Photo above left: The Ensemble Studio Theatre by Christopher Cayaba

Photo above right: MAMA DRAMA, clockwise from left: Leslie Ayvazian, Christine Farrell, Rita Nachtmann, Anne O’Sullivan, Ann Sachs (seated, center). Not pictured: Director Pamela Berlin, Donna Daley and Marianna Houston.

If you’d like to see what’s going on at EST: please join us!

 

What Role Were You Born To Play?

Recently I’ve re-connected with some old friends who cannot wait to retire. They’re ready to do what they’ve “always loved doing” because for one reason or another, they didn’t end up doing it in their regular work.

If you are stuck in a job you don’t like, tapping into your Theatrical Intelligence can help. Identifying your inborn talent(s) that may have gone underground in your adult life, can get you unstuck.

Try this:

Think back to your childhood. Remember the neighborhood where you grew up?  Close your eyes, take a deep breath, and inhale the smell of that long ago place. If the neighborhood isn’t clear, or you moved around a lot, picture a time when you shared secrets with your closest friend…

Was there a time when you and your friends decided to put together an event of some kind?  A gymnastics demonstration? A neighborhood circus with performances by your pets? Maybe a swimming show with a lemonade stand? Whatever it was, YOUR part in this event made you really proud.

Write down what you remember. I’m willing to bet it resembles one or more of The 8 Roles of Theatrical Intelligence:

1.    The WRITER: You had an idea and wrote it down. You understood the concept: tell the audience, tell them again, and tell them that you told them; with humor, drama and clarity.

2.    The ACTOR: You performed. You lived moment-to-moment. You understood that timing is everything, and that theatre isn’t larger than life – it is AS LARGE as life!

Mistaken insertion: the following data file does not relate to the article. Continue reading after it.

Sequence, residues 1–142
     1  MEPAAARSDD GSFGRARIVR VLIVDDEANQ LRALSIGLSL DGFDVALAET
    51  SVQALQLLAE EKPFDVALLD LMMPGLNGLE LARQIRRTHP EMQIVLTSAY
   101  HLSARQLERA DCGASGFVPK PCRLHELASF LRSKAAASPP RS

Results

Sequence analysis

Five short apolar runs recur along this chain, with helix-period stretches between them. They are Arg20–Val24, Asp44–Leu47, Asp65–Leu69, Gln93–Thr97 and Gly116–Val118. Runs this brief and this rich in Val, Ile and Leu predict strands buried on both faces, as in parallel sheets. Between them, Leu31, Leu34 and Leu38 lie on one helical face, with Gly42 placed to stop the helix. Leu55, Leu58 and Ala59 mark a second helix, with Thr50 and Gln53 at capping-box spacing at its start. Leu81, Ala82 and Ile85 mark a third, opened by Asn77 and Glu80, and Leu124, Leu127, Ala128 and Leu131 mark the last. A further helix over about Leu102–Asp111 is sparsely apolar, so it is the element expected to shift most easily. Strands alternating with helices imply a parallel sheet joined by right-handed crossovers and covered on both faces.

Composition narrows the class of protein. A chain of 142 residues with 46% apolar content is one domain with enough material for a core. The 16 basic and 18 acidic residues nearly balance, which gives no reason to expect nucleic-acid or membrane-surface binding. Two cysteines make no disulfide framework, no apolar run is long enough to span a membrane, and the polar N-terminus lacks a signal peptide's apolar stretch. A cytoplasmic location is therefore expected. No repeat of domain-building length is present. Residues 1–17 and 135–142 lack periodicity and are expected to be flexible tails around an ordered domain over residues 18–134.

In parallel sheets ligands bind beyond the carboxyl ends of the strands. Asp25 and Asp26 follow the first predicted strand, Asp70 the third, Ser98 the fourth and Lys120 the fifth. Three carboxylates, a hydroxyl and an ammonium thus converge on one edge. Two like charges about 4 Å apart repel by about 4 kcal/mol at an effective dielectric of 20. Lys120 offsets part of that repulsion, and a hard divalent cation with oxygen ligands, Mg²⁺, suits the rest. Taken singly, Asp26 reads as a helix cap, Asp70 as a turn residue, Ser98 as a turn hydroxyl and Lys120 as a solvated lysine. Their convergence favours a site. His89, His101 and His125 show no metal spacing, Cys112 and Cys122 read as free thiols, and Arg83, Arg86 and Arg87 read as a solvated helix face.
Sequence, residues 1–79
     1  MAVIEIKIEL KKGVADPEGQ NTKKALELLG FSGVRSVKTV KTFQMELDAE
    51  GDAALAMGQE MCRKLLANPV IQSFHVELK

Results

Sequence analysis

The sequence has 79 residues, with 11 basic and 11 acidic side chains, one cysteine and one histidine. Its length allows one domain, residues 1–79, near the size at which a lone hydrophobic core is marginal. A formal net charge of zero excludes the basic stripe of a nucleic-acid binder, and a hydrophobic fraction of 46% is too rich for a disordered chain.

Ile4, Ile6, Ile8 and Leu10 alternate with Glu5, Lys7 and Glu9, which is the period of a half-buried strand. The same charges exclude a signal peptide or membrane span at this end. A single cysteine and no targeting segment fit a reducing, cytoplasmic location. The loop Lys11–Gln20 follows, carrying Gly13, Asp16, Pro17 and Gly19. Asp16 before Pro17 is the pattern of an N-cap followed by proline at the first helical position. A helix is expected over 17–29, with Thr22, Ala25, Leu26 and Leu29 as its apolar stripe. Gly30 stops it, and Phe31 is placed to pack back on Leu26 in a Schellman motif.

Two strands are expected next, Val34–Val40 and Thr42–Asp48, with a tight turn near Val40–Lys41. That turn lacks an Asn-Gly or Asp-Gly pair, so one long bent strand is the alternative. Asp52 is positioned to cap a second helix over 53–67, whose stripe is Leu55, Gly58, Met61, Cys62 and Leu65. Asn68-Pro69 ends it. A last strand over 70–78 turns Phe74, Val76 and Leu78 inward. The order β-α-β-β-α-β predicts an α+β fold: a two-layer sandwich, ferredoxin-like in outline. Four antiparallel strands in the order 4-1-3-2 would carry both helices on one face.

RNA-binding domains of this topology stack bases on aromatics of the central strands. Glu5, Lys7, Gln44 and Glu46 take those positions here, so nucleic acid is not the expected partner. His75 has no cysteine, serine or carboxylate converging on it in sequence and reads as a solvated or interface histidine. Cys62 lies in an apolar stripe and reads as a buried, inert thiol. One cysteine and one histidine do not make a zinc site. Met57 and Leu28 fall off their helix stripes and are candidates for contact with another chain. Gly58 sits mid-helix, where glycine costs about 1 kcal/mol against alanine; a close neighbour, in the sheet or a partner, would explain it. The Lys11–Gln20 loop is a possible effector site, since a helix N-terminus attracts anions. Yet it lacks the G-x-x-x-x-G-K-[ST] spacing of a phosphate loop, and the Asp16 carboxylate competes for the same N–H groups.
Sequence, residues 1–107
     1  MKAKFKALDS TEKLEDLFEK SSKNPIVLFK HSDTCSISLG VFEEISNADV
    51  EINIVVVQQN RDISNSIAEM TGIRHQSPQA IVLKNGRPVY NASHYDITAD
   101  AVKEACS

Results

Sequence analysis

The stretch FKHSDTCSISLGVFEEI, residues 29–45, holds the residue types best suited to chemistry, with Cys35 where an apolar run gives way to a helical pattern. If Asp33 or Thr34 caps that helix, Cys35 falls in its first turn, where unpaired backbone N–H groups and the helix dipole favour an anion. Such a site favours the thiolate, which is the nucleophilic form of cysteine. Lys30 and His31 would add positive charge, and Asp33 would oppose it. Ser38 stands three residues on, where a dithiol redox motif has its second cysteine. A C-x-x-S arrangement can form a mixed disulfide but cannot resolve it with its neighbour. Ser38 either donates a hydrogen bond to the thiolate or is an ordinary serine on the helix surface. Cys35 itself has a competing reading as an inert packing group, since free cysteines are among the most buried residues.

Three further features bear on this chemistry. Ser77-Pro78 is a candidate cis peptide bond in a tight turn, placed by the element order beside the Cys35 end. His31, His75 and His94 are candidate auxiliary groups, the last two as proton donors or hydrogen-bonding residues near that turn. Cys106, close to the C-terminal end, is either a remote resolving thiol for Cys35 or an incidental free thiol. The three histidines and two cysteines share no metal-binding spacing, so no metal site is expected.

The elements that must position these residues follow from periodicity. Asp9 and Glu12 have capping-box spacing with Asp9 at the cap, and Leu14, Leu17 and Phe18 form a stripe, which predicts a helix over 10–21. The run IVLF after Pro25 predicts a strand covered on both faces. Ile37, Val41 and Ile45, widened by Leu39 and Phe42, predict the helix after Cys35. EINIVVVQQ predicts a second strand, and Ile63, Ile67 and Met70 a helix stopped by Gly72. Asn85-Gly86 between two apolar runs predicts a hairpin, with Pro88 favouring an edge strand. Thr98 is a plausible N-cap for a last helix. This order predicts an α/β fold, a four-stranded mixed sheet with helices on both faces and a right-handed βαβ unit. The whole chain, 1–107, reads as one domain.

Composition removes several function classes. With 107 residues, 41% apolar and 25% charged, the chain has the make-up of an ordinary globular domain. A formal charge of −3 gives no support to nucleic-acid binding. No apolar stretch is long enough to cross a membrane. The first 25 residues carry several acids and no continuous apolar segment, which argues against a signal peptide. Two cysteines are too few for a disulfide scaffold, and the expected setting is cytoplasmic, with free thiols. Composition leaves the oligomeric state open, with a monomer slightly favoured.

3.    The DIRECTOR: You “saw” the ideas as if they already existed, then staged it to please the audience. Your friends placed their trust in you because you gave them positive feedback about their strengths, and you made them feel good about themselves.

4.    The PRODUCER: You thought up the whole event, assigned your buddies the tasks that matched their strengths, sold the idea to everyone in the neighborhood and got them to pay for tickets. You invited everyone you saw, and one restaurant owner was so enthusiastic he threw an after-show party at your request.

5.   The DESIGNER: You envisioned the environment for the event. You drew it with vivid strokes and it took on a life of its own. You told your friends what to build, what to wear and why they had to wear it in spite of their objections (and they thanked you for it afterwards!)

6.    The STAGE MANAGER: You knew that your best buddy’s vision could be built. You crafted the schedule as to what had to be done by when, so your friends would have a chance to practice. You arranged parking places for bikes, strollers, cars, and managed the traffic and access to rest rooms.